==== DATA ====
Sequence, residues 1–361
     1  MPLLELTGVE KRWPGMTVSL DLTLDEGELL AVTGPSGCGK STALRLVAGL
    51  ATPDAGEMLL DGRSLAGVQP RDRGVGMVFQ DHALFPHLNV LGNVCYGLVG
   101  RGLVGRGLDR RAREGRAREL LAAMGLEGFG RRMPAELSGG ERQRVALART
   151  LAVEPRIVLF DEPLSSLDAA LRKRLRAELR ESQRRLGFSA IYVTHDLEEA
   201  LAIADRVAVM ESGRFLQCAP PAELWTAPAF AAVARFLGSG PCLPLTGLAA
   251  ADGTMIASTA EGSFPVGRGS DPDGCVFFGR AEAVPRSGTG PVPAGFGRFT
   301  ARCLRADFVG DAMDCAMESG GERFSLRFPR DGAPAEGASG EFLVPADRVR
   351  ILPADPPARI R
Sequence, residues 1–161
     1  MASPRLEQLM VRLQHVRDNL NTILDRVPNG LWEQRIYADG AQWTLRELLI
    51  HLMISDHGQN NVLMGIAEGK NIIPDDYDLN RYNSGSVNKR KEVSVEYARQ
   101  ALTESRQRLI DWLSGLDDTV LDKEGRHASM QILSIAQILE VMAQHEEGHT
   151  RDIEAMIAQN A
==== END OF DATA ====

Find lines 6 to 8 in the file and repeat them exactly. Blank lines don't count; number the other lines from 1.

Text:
   201  LAIADRVAVM ESGRFLQCAP PAELWTAPAF AAVARFLGSG PCLPLTGLAA
   251  ADGTMIASTA EGSFPVGRGS DPDGCVFFGR AEAVPRSGTG PVPAGFGRFT
   301  ARCLRADFVG DAMDCAMESG GERFSLRFPR DGAPAEGASG EFLVPADRVR